This style of trap is the best portable trap style that we've found. We prefer the swing-style door as opposed to a root-style door -- a hog's natural tendency is to push up on things which makes the root-up door easier to escape from.
- Frame: 1/4" steel rod or rebar or 1" square tubing
- Sides: 4" cattle panels (bull fencing)
- Spring for swing door (galvanized)
- Heavy duty hinges
Note: Excercise extreme caution if welding galvanized materials.
Building the Trap Frame
The standard size for hog traps is 4x8 feet. The height
will depend on the size of your cattle panels, (usually
52"). If your use these dimensions, use this cuts list:
Cuts list using framing material
|Long sides:||8' x 4|
|Front/back cross pieces:||46" x 4|
|Upright pieces:||50" x 12|
Construct your frame first by framing the two long 8' x 4' sides first. Use four uprights: one for each side, and two evenly spaced in the middle for added support. Though the picture doesn't show these additional uprights, we recommend them.
Then space your two completed sides 46" apart and weld in the front and back cross pieces. Now add one upright in the middle of the back, leaving the final three for your door assembly and door jamb.
The cattle panels should be tack welded to the frame wherever possible.
It is not necessary to include a bottom on the trap if the trap is heavy enough, though most include it. If you will ever want to transport the live hog in the trap, you'll need the bottom.
Make the door separately and the install into the completed trap frame. For the recommend door of 24" x 49", use these cuts:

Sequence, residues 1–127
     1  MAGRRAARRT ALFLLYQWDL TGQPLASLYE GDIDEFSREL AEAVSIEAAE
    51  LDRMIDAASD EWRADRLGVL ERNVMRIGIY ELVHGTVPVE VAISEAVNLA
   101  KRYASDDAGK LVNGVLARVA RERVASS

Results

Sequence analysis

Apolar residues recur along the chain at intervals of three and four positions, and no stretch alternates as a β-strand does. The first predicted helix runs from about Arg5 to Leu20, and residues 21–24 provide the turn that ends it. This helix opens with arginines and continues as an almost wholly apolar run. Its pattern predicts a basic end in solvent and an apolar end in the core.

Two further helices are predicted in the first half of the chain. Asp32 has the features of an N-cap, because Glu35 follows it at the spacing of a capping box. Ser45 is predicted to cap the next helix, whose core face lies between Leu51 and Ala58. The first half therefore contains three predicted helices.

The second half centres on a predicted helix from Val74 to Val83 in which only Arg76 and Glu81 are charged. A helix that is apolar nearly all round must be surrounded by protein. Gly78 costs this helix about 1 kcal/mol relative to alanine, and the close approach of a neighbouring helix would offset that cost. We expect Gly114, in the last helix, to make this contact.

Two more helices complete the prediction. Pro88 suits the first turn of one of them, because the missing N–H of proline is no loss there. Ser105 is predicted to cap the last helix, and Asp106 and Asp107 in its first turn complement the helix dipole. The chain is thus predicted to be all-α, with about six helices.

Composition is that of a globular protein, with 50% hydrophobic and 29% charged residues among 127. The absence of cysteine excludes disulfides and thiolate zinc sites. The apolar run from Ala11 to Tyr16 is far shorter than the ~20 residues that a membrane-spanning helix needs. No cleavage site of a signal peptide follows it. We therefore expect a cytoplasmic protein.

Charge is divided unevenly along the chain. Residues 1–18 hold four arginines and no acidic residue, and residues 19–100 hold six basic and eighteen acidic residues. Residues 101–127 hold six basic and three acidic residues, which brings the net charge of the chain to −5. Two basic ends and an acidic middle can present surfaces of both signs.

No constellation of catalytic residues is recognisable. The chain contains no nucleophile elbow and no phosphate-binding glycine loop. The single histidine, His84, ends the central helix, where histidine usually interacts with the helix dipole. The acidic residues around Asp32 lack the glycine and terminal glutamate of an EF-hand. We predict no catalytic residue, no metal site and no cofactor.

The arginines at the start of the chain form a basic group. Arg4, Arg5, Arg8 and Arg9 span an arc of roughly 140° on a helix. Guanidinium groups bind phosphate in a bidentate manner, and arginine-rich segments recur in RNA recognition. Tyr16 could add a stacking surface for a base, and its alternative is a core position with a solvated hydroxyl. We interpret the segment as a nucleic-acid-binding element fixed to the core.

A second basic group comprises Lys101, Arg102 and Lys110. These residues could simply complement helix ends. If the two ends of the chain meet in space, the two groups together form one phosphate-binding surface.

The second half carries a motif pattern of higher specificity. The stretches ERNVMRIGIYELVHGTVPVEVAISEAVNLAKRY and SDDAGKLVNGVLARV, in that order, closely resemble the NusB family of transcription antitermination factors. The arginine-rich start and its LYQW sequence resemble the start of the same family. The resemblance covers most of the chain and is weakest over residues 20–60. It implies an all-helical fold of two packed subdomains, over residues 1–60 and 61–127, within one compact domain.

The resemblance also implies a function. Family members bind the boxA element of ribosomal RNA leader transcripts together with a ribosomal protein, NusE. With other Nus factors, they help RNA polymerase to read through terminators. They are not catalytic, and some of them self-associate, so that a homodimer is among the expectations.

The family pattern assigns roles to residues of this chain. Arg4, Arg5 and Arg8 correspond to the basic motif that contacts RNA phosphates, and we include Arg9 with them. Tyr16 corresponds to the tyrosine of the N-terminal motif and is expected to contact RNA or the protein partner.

|Tall:||47" x 2|
|Main cross pieces:||24" x 2|
|Interior cross pieces:||22" x 4|
You want the door to fit in the trap with 1/2" clearance top and bottom. Assemble the door so that the top and bottom pieces overlap the upright pieces, resulting in the 24" x 49" door. Evenly space and weld in the interior cross pieces. Cover in paneling.
Weld your completed door frame to the hinges, then to one of the remaining uprights. Position the entire assembly inside the trap frame so that the door closes against the side of the trap as shown in the pictures. The door should strike the edge of the trap at least 12" before the front of the trap. Weld in place.
Where the door closes against the frame, add the remaining two uprights to form a door jamb. This needs to be tough so that the hog can not escape.
The spring should have enough tension that it pulls the door closed after the trap is set, but not so much that small hogs can push it open from the outside after it has been closed. Attach to the door and then to the front corner of the trap.